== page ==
Club head 12 has a center of gravity 32 that is located inside hollow body 18, which, when projected in plan view onto face plate 30, is above the geometric center 34 of the face of club head 12. In a preferred embodiment, center of gravity 32 is located at a distance ΔB of 2.12.0 millimeters, preferably 2.01.0 millimeters above a horizontal plane “P2”, through the geometric center of the face 34. As noted previously, the prior art teaches locating the center of gravity of the golf club head below the geometric center of the face so that the backspin gear effect tends to counteract the normal loft-induced backspin of the golf club. What the inventors of the present invention discovered, however, is that when head size is in excess of 350 cc's or so, the moment of inertia of these super-oversized clubs is so great that locating the center of gravity of the club head below the center of the face would produce unnecessarily low backspin for stable flight. In the preferred embodiment, the moment of inertia about horizontal axis “H” through the center of gravity 34 is over 800 Kg-cm2, preferably, as much as 890 Kg-cm2 Such a large moment of inertia about the horizontal axis renders the club head extremely resistant to backspin gear effect, thereby enabling location of the center of gravity above the geometric center of the face.

With additional reference to FIG. 2, center of gravity 32 is located generally closer to forward end 36 than rear end 38 of club head 10. Specifically, center of gravity 32 is located a distance ΔC equal to 16.04.0 millimeters, preferably 16.01.0 millimeters toward the rear end 38 from a plane “P3”, which contains the shaft axis and is parallel to a line “L” which is horizontal and tangent to the center of the face 34.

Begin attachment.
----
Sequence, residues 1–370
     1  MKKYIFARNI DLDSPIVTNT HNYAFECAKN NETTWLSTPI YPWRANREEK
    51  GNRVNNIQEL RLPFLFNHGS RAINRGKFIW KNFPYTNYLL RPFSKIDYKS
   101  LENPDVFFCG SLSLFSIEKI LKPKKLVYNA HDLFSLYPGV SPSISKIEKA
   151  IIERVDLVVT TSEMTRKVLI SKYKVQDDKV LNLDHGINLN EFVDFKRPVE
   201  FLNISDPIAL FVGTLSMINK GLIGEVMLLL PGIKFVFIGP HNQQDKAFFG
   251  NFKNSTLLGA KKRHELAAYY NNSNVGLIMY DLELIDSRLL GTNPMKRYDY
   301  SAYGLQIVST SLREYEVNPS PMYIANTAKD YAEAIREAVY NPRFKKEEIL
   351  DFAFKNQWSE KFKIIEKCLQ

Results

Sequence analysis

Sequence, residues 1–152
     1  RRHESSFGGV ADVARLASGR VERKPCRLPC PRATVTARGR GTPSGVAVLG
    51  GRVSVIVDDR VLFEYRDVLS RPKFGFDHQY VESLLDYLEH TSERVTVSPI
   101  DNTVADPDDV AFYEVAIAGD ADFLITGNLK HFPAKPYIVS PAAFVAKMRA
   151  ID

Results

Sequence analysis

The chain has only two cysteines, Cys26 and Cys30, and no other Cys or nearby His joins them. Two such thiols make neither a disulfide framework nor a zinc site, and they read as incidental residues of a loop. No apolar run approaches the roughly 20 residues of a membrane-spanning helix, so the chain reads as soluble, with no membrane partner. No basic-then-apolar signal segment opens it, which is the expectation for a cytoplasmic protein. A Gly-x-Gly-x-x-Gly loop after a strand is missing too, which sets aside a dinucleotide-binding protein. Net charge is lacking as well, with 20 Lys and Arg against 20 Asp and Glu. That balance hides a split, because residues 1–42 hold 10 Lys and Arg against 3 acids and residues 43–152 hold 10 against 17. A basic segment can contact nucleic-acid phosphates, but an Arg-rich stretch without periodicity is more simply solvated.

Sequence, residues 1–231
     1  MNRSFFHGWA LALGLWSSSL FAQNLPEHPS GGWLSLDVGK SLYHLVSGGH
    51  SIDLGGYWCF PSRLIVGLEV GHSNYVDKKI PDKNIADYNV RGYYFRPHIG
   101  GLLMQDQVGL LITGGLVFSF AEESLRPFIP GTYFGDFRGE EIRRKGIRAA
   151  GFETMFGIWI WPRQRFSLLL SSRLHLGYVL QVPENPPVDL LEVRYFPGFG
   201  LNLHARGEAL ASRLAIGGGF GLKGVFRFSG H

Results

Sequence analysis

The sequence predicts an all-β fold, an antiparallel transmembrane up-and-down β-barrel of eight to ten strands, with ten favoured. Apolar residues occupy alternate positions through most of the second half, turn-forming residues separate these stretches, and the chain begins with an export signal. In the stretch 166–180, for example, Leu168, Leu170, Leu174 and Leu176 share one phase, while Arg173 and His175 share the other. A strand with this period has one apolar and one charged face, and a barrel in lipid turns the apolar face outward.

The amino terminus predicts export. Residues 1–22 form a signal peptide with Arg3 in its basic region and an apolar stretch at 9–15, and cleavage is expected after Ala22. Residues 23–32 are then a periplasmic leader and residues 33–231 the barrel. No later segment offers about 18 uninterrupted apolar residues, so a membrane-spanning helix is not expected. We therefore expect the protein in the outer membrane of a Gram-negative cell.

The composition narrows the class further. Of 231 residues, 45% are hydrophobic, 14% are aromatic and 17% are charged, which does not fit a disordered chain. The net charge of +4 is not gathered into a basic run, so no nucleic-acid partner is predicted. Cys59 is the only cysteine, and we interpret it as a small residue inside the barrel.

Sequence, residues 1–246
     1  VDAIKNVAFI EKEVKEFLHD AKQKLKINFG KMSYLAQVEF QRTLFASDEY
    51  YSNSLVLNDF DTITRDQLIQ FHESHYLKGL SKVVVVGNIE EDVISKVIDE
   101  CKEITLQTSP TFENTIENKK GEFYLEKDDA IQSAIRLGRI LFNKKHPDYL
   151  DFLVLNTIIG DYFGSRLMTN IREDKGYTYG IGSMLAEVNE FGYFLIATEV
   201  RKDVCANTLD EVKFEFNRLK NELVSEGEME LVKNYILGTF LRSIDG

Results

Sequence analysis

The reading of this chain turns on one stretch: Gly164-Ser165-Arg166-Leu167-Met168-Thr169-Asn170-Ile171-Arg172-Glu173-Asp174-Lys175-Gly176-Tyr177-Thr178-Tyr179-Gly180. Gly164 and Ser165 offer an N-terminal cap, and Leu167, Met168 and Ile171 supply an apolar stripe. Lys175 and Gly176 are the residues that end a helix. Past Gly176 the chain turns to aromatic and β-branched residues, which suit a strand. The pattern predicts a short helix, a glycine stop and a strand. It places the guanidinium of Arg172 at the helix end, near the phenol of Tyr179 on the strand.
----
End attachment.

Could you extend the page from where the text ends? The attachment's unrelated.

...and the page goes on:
With reference again to in FIG. 1, the center of gravity 32 is also displaced inward from the geometric center of the face 34. Specifically center of gravity 32 is positioned a distance ΔA of 36.06.0 millimeters, preferably 36.01.0 millimeters from a plane “P1” containing the shaft axis normal to plane “P3”. Locating the center of gravity 32 closer to forward end 36 and displaced inward toward the heel end 20 of club 10 as described provides an optimally balanced fade and hook type gear effect for a super-oversized driver such as the illustrative embodiment which has a moment of inertia about a vertical axis of at least 1,250 Kg-cm2 and preferably at least 1500 Kg-cm2.

With reference to FIG. 3, club head 10 comprises a sole 26 that is smoothly tapered from approximately 1 millimeter to approximately 0.7 millimeter, a crown 24 that is smoothly tapered from approximately 0.9 millimeter to approximately 0.7 millimeter, and a skirt 28 that is smoothly tapered from approximately 1 millimeter to approximately 0.7 millimeter. The sole plate is devoid of any inefficient structures such as weight pads or any other mass concentrations. However, as shown in FIG. 4, the skirt may have a weight pad 42 of approximately 1 to 5 grams to permit the club head to be swing weighted after casting.